Instead, remember the age-old phrase: K.I.S.S. Keep it simple silly.
What’s the best way to do that?
Before you write your email, take a second to think about what you are hoping to accomplish with it. This is your “mission statement”. Jot it down on a piece of paper or at the top of your email (you can delete it later).
Then, as you write your email, keep returning to that mission statement. Make sure that every sentence you write is explicitly helping you achieve that mission statement
Once you’ve finished writing, re-read your mission statement and ruthlessly delete anything from your email that isn’t directly related to it. Did you catch yourself going off on a tangent? Axe it. Were you making a separate unrelated point? Save it for a separate email.
Now don’t get me wrong – this isn’t easy. As Mark Twain famously said, “I was going to write you a shorter letter, but I didn’t have the time”.
But it will help ensure the person fully grasps what you are trying to say. And by keeping it shorter, it will ensure they actually read the email at all!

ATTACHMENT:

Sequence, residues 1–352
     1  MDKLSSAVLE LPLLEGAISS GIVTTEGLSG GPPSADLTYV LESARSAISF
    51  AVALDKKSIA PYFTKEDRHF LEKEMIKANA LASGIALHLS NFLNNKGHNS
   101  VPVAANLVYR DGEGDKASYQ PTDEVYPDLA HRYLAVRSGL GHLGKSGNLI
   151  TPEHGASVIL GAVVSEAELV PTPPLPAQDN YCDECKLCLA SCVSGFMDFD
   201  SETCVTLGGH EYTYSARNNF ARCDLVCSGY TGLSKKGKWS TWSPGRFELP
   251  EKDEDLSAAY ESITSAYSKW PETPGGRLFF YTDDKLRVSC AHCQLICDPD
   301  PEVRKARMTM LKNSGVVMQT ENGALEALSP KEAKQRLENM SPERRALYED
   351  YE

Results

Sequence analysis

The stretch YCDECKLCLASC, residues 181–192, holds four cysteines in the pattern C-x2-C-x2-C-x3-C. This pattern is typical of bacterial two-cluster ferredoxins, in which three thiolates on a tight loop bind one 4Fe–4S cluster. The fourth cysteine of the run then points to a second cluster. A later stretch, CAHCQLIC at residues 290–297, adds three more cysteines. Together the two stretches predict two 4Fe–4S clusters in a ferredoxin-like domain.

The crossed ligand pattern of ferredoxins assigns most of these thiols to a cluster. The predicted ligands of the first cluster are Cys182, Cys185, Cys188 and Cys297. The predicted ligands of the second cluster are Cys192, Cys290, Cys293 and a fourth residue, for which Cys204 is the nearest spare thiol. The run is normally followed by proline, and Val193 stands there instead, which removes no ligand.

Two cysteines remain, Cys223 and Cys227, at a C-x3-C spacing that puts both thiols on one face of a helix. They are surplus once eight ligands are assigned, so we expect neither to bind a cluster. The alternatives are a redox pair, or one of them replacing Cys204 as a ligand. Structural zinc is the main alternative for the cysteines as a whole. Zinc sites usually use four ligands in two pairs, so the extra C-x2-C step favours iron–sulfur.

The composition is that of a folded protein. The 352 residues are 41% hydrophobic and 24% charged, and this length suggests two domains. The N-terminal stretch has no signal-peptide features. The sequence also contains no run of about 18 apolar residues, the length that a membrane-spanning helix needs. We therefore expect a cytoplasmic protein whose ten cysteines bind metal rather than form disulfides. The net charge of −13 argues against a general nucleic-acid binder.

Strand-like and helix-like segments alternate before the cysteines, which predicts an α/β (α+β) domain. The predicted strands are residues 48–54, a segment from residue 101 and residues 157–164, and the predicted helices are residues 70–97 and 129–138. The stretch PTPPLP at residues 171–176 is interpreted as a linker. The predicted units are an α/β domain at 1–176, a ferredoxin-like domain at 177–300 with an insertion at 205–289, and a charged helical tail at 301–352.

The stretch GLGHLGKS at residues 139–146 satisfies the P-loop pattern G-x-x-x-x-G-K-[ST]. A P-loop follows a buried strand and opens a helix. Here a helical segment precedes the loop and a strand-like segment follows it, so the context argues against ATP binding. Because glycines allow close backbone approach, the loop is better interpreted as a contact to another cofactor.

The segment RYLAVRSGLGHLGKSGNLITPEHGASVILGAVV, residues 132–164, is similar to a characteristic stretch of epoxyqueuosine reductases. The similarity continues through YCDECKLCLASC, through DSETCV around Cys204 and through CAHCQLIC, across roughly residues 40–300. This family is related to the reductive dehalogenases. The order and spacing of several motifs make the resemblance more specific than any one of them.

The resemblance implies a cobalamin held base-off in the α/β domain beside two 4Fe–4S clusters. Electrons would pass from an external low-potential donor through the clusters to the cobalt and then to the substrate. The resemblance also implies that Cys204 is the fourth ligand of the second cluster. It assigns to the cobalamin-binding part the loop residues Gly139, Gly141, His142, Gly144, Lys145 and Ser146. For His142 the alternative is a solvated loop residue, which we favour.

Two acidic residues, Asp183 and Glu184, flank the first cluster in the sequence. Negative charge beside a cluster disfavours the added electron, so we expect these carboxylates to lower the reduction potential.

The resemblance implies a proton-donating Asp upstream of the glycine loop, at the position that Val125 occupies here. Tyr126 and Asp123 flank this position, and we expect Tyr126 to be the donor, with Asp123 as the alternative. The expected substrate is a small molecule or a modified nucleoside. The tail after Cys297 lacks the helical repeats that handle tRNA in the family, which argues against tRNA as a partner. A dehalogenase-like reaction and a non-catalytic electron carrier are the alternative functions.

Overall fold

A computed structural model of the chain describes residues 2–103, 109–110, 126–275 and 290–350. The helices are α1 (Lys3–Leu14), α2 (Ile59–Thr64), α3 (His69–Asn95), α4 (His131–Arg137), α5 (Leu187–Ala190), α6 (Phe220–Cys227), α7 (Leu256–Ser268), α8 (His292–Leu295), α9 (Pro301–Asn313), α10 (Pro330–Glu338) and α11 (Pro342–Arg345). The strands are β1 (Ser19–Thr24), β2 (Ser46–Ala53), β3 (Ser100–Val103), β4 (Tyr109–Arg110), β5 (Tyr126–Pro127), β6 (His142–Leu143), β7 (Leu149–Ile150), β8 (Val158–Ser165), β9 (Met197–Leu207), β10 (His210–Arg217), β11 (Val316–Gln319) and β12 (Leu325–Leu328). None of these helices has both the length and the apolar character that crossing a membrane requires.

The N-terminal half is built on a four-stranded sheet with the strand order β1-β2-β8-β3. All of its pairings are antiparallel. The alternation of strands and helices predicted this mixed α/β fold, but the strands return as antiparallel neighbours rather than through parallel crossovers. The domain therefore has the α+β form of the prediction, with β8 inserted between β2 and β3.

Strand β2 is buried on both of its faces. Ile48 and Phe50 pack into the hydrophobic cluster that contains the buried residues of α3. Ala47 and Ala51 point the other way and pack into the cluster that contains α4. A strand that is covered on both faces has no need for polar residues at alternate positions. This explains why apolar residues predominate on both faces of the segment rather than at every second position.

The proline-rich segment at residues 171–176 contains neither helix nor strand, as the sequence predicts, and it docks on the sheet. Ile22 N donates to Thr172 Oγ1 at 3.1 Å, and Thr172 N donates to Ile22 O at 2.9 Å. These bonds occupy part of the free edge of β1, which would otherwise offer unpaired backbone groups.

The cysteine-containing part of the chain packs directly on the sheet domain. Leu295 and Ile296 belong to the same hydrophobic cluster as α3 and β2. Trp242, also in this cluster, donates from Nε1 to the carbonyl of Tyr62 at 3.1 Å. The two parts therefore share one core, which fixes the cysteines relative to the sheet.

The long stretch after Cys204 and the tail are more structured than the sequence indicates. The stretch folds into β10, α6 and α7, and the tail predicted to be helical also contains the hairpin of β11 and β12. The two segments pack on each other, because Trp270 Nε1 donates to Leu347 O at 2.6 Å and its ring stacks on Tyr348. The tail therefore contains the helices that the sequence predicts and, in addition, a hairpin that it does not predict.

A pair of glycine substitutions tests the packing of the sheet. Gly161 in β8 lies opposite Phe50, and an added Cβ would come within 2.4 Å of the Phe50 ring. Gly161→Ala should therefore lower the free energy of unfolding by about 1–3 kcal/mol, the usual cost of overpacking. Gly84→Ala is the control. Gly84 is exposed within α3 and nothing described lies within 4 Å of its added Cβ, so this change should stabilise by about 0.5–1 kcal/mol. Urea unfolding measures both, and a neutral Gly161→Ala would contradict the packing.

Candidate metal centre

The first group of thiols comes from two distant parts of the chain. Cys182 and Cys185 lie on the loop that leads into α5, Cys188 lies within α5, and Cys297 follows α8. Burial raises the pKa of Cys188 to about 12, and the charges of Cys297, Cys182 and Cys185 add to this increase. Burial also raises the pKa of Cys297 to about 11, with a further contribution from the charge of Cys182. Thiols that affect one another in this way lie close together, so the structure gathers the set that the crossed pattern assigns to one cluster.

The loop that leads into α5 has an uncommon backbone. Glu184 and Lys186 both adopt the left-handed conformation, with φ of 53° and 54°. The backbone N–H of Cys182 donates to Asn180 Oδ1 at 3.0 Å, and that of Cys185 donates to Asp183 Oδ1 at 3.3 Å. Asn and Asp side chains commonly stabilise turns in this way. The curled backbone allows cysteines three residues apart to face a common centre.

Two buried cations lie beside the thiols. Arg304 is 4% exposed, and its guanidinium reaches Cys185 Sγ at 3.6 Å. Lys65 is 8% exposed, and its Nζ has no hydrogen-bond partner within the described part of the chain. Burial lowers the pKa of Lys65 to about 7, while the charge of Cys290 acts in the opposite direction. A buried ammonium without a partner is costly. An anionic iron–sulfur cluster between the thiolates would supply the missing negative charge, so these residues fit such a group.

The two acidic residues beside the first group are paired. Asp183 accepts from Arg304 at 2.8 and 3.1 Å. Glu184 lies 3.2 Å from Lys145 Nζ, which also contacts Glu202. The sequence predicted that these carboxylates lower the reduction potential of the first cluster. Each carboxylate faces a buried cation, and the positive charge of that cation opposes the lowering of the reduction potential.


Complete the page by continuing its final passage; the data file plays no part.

2. Avoid Repetition
This is related to the first point, which is that the shorter your email, the more likely it is to be read and understood. A big culprit in this regard is repetition.
We often feel like we need to repeat the most important parts of the email a few extra times just to make sure the point is conveyed. The more you say it, the more likely they are to understand, right?
The thing is, when you repeat yourself, you are actually more likely to confuse the reader. They’ll think, “Wait didn’t she just say that before? Is she trying to make a separate point here?” Or they might assume the rest of your email will be similarly repetitive, so they’ll just stop reading.